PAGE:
"The Most Dangerous Animal of All: Searching for My Father and Finding the Zodiac Killer" by Gary L. Stewart and Susan Mustafa is a beautifully written, gripping tale of family and murder. It's not just a true crime book. It's a memoir of an adopted man's reunion with his birth mother. It's a snapshot of deviant life in hippie-era San Francisco. It's a bit of kitchen-sink drama and film noir. It's about cops, what they do well and what they fail at. It's certainly a morality tale.
As a writer myself, I am in awe of Susan Mustafa's ability. There is a heart wrenchingly poignant scene where Gary visits his biological father's grave. There are chilling, clinical scenes of senseless killings. There is historical information concerning World War II and Jim Jones' People's Temple and legal points about adoption. Mustafa handles every bit of information, every type of scene, with the same "just the facts, ma'am, only the facts; moving right along" literary style. She trusts her reader to be able to master names, dates, and locations. She never sensationalizes.
Gary L. Stewart is a Louisiana businessman and electrical engineer. He was approached by his biological mother, who found him through a random search. His birth mother had been married to a prominent police officer. Police gave Stewart a mug shot of his birth father. "He looks like a serial killer," Stewart's son said. One day while watching TV, Stewart noticed a resemblance between a police sketch of the 1960s San Francisco Zodiac Killer, who was still at large, and the mug shot of his biological father. Stewart performed a great deal of research. Stewart reached the horrifying conclusion that his biological father was the Zodiac Killer.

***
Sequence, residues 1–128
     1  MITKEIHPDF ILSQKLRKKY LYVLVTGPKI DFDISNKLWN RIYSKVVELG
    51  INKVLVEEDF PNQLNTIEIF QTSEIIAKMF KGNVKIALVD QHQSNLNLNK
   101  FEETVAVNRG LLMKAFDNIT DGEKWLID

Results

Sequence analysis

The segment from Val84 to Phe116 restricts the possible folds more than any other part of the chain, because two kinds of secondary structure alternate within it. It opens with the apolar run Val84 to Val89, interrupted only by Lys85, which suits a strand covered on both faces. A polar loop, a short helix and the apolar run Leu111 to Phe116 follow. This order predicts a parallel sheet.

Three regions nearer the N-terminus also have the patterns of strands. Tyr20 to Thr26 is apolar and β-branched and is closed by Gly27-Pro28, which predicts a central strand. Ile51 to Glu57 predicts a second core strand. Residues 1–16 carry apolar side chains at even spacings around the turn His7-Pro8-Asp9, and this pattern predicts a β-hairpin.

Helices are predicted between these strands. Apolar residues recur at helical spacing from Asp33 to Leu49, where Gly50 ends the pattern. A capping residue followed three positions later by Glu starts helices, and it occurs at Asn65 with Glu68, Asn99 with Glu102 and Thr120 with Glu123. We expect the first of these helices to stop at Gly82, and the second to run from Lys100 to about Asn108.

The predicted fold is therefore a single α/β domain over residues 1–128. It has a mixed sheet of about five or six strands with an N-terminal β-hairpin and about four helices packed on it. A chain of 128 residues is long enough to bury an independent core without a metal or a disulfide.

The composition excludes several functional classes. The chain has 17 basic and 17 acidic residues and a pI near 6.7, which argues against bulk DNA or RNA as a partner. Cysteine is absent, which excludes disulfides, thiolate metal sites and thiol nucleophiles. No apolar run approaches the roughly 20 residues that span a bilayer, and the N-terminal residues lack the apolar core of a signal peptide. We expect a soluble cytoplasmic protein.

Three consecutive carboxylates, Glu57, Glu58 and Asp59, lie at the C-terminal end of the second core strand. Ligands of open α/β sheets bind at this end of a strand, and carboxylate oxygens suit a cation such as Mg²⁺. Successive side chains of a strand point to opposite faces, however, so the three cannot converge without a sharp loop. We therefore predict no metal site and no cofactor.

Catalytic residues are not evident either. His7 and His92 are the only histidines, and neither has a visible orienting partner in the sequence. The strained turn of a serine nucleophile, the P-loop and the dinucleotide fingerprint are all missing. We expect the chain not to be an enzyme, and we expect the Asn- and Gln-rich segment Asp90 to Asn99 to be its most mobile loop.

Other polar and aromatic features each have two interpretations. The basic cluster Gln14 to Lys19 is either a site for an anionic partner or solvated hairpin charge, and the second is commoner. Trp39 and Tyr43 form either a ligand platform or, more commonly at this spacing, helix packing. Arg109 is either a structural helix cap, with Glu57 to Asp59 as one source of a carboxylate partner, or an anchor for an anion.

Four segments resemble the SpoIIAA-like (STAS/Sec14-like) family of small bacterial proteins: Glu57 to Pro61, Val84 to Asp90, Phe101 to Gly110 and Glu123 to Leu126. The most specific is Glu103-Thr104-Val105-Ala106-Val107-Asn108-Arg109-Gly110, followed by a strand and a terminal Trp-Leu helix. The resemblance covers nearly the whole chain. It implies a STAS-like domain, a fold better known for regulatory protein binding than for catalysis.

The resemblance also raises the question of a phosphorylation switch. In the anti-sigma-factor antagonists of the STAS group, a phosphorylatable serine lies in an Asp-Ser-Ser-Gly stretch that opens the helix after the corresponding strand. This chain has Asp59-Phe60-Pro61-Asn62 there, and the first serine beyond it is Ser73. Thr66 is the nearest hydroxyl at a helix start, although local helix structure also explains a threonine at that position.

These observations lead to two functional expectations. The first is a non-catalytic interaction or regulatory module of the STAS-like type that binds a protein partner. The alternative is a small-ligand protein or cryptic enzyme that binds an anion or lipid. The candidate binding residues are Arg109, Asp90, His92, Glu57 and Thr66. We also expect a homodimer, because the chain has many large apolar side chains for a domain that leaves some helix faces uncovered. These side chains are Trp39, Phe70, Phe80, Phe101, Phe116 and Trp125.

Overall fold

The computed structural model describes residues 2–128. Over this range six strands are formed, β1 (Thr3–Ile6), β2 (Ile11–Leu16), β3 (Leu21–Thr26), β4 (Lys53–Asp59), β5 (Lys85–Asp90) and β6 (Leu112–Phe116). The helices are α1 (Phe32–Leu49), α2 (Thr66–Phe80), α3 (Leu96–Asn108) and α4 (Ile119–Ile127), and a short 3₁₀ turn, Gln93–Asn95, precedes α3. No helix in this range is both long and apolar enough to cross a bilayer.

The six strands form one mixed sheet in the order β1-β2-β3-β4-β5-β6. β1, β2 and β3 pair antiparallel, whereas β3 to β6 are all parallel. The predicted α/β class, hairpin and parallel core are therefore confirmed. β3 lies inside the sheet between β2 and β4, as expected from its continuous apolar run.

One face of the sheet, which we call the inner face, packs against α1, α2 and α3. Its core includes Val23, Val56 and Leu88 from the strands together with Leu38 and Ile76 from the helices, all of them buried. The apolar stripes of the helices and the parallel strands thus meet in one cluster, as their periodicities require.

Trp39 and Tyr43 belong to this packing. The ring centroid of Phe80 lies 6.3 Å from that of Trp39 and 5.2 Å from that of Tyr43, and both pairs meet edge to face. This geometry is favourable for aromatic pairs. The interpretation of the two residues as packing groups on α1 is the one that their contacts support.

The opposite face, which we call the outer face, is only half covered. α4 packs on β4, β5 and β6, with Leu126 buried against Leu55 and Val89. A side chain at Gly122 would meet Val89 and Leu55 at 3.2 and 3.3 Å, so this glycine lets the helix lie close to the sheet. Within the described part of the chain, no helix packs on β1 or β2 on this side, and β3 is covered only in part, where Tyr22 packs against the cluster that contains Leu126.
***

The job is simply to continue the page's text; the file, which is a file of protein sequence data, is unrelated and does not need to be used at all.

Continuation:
"The Most Dangerous Animal" didn't fit solely into the true crime genre for me. I experienced it largely as a family tale. Steward was raised by two lovely adoptive parents. I felt frustrated by Steward's insistence that he had felt an emptiness inside and a fear of abandonment. He had great parents, parents I wish he had realized did fill that emptiness. I was frustrated by Stewart's immediate and unconditional love expressed for Judy, his birth mother, after she showed up.
The first hundred pages of the book are noir-tinged kitchen sink drama. Serial murder is such a sensational crime that one wants to believe that vast, Satanic forces create it. In fact Earl Van Best Jr, or Van, Stewart's father and alleged Zodiac Killer, did not experience melodramatic tortures before turning to crime. His life seemed to be the result of small, wrong choices. Many of those choices were made by women who couldn't say no.
Van's father Earl was an honored military chaplain. He rubbed shoulders with presidents and is buried in Arlington National Cemetery. Earl made the mistake of marrying Gertrude, a sexually promiscuous woman who humiliated her husband. Van told his cousins how he hated hearing the bed springs as his mother cheated on his father. Earl and Gertrude divorced. Earl remarried and had little to do with his son, Van, leaving him with his mother, Gertrude, and her boyfriends.
Van, at age 28, took up with fourteen-year-old Judy. Judy's mother Verda was also unsuccessful in her relationships with men. Verda's first husband spanked Judy so much sitting down was painful. Verda was then raped. She then married another man who abused her. Most of the first hundred pages of the book recount this steady trickle of small, wrong, personal choices that result in miserable lives.